H&R Block ran into roadblocks when trying to buy TaxACT, opening the door for InfoSpace

Ruckelshaus: “There is a definite secular trend  that they are smack dab in the middle of as it relates to consumers increasingly using online solutions for their tax preparation…. It was an opportunistic situation. This was a company that was engaged in a longer than 12-month proceeding with H&R Block, only to find that the transaction that they’d announced in October of 2010 was not to be consummated, and that was last November. And this is one of those things where we have been pretty vigilant looking at opportunities, and this lined up on every criteria…. We are pleased with the outcome, and what at first might appear on first blush as being outside of search and therefore a head-scratcher is very much the point.”

GeekWire: How do you plan to compete with the 800-pound gorilla in the market: Intuit and TurboTax?

Ruckelshaus: “I’d start off by saying that there is a ton of respect on behalf of the TaxACT team for Intuit as a competitor in the marketplace. Obviously, they have quite a franchise with TurboTax. That being said, there are a couple of advantages that I think that TaxACT has that can be further exploited. The first is, to have someone out there, like an Intuit, that is evangelizing the marketplace…. Intuit was out there early with TurboTax to evangelize the migration from pen-and-paper to desktop software, and then more recently, along with other players like TaxACT, evangelize the migration from desktop software to online. We think there is a demographic tailwind that is fueling this migration.”

GeekWire: What else stands out over Intuit?

Ruckelshaus: “The market position of TaxACT is very much around price leadership. They have a value-based positioning where their price — despite what some of the messaging might be from its competitive set — advantage relative to other online competitors and certainly relative to incumbent providers in the offline world — the storefront guys as well as the assistive prep guys — is remarkable. That is quite an advantageous place to be working from, as opposed to the other way around.”

GeekWire: How big is the market?

Ruckelshaus: “The TaxACT solution is a better price, and we would argue a more fair price for 90 percent of the filers out there and the solutions they are currently using. So, the addressable market, it is a $20 billion market, and we are a more fair price for $18 billion worth of the market. So, we view it as an ample white space — and hopefully under the new ownership of the company — to go out there and be aggressive in the marketplace and win those consumers.”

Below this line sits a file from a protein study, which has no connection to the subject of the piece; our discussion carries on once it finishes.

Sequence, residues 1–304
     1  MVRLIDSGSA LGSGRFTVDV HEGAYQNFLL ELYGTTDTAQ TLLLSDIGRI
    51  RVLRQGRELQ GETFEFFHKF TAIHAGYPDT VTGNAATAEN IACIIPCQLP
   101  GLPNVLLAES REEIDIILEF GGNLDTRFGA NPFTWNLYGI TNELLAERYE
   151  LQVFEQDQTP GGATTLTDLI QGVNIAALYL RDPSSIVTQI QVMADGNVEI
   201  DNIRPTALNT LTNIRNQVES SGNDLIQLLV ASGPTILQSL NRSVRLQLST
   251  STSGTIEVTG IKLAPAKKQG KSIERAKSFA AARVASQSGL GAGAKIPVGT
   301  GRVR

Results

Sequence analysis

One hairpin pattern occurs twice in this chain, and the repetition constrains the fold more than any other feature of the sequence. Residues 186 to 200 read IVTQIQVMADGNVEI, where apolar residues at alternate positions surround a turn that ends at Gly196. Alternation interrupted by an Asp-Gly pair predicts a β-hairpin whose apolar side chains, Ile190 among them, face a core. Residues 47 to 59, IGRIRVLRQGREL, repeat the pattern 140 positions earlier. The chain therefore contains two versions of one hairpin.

GeekWire: This wipes out a lot of InfoSpace’s cash in one big bet, no?

Ruckelshaus: “It is actually just the opposite…. One of the things we had said is that we wanted to avoid the big swing, where we do just what you said. Though the stated deal price is very close to our ending cash in September … the intention is to finance this with $95 million in debt, and we have commitments to that effect and it could actually be slight more than that. So, pro forma cash at closing will be about $90 million…. I think the manner at which we’ve capitalized this has been very advantageous. First of all it is not a lot of debt, it is a very low level of debt and it is the type of thing that we are able to pay very quickly.”

GeekWire: So, will you look at other acquisitions?

Ruckelshaus:  “What I would speak to at this point is the optionality and the flexibility around doing that…. There is nothing on the drawing board right now. Obviously, in our prior evaluation, we turned over a lot of rocks. This business really stood out head and shoulders over anything else we saw for a lot of the reasons we discussed. And what we need to focus on over the near term is closing the deal, which we expect to happen in the first quarter, hopefully earlier in the first quarter. And then enabling the team to really perform during this peak tax season, which is now underway.”

GeekWire: I am assuming there’s no direct flight between Seattle and Cedar Rapids?

Ruckelshaus: “Funny you should say that.  We’ve said that Cedar Rapids gives new meaning to the expression ‘connecting flight.’ It is actually a nice place, and the people there are very nice and we really like the team.”